$10,000 in flush valves stolen from park toilets
Thieves in the last three weeks have hit scores of city park bathrooms and made off with a valuable commodity: $10,000 worth of brass toilet flush valves.
City officials asked the public yesterday for help in finding the stolen parts, which police said could end up in a black market for construction parts or melted and sold for metal.
Construction materials and industrial supplies are sometimes stolen from job sites and new housing developments, police say, but rarely from public restrooms.
In addition to the valves, which cost taxpayers $100 apiece, police say the thieves made off with toilets, sinks and other items from 28 city parks located on the North Shore and in Central O'ahu.
City Parks and Recreation Director Lester Chang said repairs will be expensive.
Chang said the costs go beyond the value of the valves, because of the labor to replace them and the hidden cost of other work not being done because crews will be busy with repairing the toilets.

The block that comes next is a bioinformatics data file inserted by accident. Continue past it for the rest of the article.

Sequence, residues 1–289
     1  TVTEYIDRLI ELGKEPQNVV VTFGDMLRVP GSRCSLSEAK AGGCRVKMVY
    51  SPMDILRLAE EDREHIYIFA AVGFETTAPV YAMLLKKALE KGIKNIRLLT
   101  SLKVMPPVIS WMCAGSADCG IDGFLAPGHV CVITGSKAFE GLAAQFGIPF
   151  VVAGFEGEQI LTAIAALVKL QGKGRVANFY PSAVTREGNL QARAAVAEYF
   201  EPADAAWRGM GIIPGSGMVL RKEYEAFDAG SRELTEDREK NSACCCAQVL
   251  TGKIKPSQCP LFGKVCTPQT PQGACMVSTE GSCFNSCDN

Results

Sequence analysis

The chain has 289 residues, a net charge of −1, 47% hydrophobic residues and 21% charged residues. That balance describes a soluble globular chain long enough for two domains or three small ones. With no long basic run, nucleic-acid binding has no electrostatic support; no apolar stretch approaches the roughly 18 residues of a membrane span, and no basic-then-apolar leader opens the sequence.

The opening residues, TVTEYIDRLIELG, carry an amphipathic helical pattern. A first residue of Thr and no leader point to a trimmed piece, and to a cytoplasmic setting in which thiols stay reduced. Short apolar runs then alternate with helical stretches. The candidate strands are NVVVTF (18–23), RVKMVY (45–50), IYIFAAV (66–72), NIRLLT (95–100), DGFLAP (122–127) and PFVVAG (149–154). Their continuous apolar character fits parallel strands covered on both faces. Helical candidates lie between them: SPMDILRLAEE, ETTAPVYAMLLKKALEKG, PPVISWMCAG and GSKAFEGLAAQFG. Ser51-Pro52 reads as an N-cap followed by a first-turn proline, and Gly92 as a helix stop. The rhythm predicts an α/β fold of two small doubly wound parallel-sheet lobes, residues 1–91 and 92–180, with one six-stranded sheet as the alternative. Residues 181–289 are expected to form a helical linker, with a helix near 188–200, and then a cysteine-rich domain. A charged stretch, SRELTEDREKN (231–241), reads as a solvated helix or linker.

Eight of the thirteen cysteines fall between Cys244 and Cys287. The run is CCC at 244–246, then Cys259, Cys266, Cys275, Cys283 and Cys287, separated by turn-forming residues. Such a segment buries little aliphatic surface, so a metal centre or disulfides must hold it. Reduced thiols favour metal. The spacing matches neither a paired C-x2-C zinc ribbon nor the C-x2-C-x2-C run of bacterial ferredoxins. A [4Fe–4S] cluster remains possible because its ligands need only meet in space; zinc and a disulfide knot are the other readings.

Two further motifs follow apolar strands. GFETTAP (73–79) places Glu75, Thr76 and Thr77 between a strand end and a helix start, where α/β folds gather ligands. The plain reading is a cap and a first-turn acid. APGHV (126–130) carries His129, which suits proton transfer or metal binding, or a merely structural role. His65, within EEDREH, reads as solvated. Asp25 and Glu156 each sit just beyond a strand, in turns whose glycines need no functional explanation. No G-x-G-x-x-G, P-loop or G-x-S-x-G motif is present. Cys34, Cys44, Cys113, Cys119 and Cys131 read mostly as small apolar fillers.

"The worst part of this is the inconvenience to the park users," he said.
Two detectives are on the case, police said. No suspects or leads have been identified.
"It's taxpayers' dollars and we take all crimes seriously," said police spokesman Capt. Frank Fujii.
Roughly three weeks ago, police began receiving reports of thefts from public restrooms in North Shore parks. Some bathrooms were fleeced clean, police said, while others were just missing the valves.
The industrial toilet flush valves cannot be used with standard residential toilets.
Construction workers and contractors have been known to loot the job sites of competitors but the theft of bathroom materials is unheard of, police said.
Park vandalism is usually an isolated incident, not a rash targeting the same piece of equipment.
Chang said the thief or thieves often work at night and usually remove all of the valves in a park restroom. Sometimes, up to a dozen disappear over a weekend, he said.
Chang said parks crews believe the thieves are likely selling the valves for the metal or stealing them for a building project.
"Who could guess why they'd want it?" he asked. "If we could have figured it out, we'd have solved it already."